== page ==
Eureka Bush Bean Seeds

This packet sows up to 26 feet.
4.7777777777778 out of 5 stars
(9 reviews)
Availability: Out of Stock
Bring the bright, garden sunshine right to your plate. Pick 'Eureka' as a young, filet bean or let mature to a beautiful, bright yellow. Plants produce heavy yields of very tender, 5"–6" beans, and yellow pods make finding the harvest a snap! Steamed, pickled, or fresh, you will love this wax bean. Disease resistant.
$1.99 25 grams (~80 seeds)

Botanical Name: Phaseolus vulgaris

Days to Maturity: 50–55 days

Family: Fabaceae

Native: Mexico and South America

Hardiness: Frost-sensitive annual

Plant Dimensions: 16" tall, 22" wide

Variety Information: White flowers are followed by 5"–6" long, bright yellow pods filled with about 7 small, white seeds. Disease resistant to bean common mosaic virus.

Type: Snap bean

Attributes: Disease Resistant, Good for Containers

When to Sow Outside: RECOMMENDED. 1 to 2 weeks after your average last frost date, and when soil temperature is at least 65°F, ideally 70°–85°F. Successive Sowings: Every 7 to 14 days up to 80 days before your average first fall frost date. NOTE: In very hot summer areas, skip sowing as high heat approaches; temperatures consistently above 90°F will prevent beans from forming.

When to Start Inside: Not recommended; bean seedlings are sensitive to root disturbance.

Days to Emerge: 6 – 12 days

Seed Depth: 1"

Seed Spacing: 1 seed every 4"

Row Spacing: 24"

Thinning: Not required

Harvesting: Snap beans are ready to pick when the pod "snaps" or breaks in half cleanly. This is when the seeds have just begun to form and the pods are several inches long (depending on the variety). Hold the stem with one hand, and the pod with the other hand to avoid pulling off branches, which will continue to produce. At season's end, plants are great compost material if they are disease-free.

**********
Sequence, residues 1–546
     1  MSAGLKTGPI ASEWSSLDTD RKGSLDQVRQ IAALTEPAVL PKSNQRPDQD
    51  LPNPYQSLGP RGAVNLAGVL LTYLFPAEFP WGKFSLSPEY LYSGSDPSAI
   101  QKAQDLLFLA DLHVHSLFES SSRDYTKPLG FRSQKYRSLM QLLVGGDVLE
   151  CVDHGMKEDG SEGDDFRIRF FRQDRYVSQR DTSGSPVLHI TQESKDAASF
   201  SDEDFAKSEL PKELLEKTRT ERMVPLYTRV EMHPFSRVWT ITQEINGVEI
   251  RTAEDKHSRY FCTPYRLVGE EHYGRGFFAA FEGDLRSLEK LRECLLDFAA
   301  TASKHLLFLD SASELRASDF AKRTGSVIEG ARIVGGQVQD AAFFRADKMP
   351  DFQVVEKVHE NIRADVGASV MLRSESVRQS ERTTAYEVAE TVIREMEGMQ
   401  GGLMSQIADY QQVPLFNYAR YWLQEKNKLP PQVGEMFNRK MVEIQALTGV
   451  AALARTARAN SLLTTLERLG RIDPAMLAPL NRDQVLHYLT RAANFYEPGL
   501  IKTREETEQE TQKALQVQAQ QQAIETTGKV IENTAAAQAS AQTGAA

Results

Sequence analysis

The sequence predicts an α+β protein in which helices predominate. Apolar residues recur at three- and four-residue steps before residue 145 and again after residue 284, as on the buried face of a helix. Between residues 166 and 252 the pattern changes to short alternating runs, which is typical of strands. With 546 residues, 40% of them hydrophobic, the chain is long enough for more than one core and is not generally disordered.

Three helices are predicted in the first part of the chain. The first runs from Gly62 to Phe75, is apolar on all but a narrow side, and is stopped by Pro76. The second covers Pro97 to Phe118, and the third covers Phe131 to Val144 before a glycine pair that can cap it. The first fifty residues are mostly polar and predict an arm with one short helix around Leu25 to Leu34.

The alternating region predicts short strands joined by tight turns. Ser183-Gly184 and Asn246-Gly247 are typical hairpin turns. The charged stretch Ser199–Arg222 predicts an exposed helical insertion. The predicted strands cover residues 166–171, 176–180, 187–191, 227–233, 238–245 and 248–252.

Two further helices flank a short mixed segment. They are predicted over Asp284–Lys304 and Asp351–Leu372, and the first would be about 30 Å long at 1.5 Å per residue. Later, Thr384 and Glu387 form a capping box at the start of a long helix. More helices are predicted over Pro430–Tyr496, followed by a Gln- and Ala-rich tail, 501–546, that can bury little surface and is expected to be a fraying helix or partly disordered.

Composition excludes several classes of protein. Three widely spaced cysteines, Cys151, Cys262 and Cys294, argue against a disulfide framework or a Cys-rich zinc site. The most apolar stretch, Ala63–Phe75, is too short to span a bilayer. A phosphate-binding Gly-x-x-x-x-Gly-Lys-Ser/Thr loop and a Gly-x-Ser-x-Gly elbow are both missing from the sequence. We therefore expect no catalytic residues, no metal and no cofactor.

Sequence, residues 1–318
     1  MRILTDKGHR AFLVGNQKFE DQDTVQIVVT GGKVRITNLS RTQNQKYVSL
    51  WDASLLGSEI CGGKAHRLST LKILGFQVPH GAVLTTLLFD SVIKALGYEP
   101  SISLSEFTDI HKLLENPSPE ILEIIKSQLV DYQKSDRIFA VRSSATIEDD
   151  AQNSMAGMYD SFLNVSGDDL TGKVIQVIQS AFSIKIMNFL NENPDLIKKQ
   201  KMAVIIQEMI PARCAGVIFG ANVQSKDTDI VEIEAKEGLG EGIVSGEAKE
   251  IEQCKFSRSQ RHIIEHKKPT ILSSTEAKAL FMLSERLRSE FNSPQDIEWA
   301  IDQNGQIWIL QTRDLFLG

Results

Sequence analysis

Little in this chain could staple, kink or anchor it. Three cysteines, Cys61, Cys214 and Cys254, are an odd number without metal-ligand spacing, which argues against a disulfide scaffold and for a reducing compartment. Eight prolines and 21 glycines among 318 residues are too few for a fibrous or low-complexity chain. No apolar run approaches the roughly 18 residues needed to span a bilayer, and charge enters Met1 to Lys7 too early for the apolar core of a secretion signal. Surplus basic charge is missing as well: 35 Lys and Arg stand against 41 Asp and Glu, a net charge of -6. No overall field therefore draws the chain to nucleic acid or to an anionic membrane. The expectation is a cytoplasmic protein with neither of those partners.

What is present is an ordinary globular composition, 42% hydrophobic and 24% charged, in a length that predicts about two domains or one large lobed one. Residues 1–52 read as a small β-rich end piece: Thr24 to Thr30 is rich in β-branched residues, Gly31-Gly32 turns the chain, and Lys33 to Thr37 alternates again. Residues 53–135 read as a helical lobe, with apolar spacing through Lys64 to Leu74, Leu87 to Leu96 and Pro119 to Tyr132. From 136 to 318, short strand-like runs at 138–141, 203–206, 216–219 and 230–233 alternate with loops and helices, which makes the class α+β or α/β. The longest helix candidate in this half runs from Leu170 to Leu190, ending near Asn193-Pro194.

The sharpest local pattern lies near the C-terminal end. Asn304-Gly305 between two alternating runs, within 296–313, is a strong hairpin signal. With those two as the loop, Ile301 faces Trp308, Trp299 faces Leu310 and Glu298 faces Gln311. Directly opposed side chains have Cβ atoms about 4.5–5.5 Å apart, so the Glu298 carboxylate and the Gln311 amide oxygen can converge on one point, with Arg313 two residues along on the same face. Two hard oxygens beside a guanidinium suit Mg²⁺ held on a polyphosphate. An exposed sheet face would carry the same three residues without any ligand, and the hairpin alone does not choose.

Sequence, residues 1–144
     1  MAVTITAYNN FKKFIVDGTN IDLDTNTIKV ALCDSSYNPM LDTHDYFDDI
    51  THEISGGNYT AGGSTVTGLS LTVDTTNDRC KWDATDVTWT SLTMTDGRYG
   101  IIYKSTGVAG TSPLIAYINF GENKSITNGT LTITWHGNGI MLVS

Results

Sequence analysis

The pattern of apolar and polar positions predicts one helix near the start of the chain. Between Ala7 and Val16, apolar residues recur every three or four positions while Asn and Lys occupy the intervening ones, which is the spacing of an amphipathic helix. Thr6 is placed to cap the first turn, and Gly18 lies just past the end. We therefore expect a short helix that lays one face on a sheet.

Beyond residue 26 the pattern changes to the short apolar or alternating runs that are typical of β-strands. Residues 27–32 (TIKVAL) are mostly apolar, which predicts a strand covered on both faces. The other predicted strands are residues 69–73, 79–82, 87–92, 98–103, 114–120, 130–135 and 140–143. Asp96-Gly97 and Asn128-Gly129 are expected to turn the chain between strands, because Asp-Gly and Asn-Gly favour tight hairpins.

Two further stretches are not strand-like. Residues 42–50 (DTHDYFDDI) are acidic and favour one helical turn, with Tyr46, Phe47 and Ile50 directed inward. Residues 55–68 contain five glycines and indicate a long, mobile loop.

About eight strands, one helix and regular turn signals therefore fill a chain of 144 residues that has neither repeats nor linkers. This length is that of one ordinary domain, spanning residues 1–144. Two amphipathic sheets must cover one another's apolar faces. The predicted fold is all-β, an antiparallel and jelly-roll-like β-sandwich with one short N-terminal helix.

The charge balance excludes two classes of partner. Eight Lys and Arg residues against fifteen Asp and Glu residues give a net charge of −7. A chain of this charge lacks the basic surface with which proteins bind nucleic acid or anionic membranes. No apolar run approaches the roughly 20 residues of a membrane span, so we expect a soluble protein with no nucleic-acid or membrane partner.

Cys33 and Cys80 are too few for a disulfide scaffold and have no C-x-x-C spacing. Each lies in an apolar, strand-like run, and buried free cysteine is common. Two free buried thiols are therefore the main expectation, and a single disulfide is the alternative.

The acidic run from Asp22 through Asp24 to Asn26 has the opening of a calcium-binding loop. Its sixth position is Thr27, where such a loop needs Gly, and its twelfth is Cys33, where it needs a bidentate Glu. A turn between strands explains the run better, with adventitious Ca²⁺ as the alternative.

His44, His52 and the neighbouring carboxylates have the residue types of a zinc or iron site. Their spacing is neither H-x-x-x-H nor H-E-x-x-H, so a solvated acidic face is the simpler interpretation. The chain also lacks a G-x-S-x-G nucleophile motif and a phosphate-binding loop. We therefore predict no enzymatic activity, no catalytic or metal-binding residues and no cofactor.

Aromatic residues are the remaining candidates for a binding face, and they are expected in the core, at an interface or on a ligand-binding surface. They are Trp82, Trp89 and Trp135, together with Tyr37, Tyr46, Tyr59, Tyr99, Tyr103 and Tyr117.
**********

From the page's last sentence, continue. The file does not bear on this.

Because bush beans were developed from pole beans (for condensed and easier harvests), sometimes they can revert to some of the traits of their predecessors by stretching and getting a little lanky before settling into more of a compact bush habit. Thus, why your bush bean appears to be a pole bean.

Bean: Sow and Grow Guide
Edibles for Partial Shade
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Eureka Bush Bean Seeds Reviews

9 reviews

Waiting for the beans

5 out of 5 stars Jul 15, 2020
Due to the water restrictions in a local drought....plants have been germinating, growing, and flowering but are taking their time developing their beans.....looking forward to them when fully grown.
Andrea Worthington from NY

Eureka Bush Bean Seeds

5 out of 5 stars Sep 23, 2020
We have planted these several years in a row and sought then out when a major seed distributor no longer carried them. The wax beans are tasty and they keep producing and producing! My husband blanches and freezes ziplock bags of them to enjoy all year.
Gail K Shuler from WA

Yummy Bean and Grew well!

5 out of 5 stars Jul 19, 2021
These beans taste delish! And they were very easy to grow, I packed them into my community garden plot, and did not pay too much attention to them and they made TONS of beans! Wills definitely plant again next year
Sara from NE

Eureka Bush Beans

5 out of 5 stars Sep 27, 2021
Been looking for yellow beans! Loved them when I lived in Wisconsin. These plants went crazy! I got beans, beans and more beans. Very tasty - neighbors never heard of yellow beans here. Passed some on to them and they asked for more. Produces a lot of beans.
Cheryl from NM

1st Time Grower

5 out of 5 stars Nov 7, 2021
Very happy with these tender, sweet beans. Separate early summer and fall plantings (1 bag) produced 3 1/2 cups table ready beans. Some second flowering and fruits with initial planting. Looking forward to planting more in 2022.
Tim from ME

These sweet beans

5 out of 5 stars Nov 11, 2021
These beans are beyond sweet and tender and grow well and perfect for high altitude gardening! Not your grandmother's wax yellow beans!
Lynn from CO
Owner Response: Thanks so much for sharing your experience!


5 out of 5 stars Nov 12, 2021
Very bountiful plants, loaded with beans a very long season too.
Laura from WA
Owner Response: Thanks so much for sharing your experience!

eureka bush beans

5 out of 5 stars Nov 16, 2021
many beans per plant, able to plant seeds twice over the summer, will reorder
anita from CO

Mid Summer too late for a crop

3 out of 5 stars Nov 30, 2021
These germinated but unfortunately bunny ate them. I did sow again in mid summer but apparently too late for production. I therefore didn't get any beans from these plants.
Teresa from MA
Owner Response: Hi Teresa, It seems like you had good germination from these seeds but could use help planning for a fall crop to boost the review rate? Because days (daylight) are shorter in late summer and nights can be coolers it is a good idea to add at least two weeks to the days to maturity to account for slower growth. You use the adjusted days to maturity to count backwards from your average first frost day to give the crop plenty of time. We have a couple of articles on the topics if you are interested.

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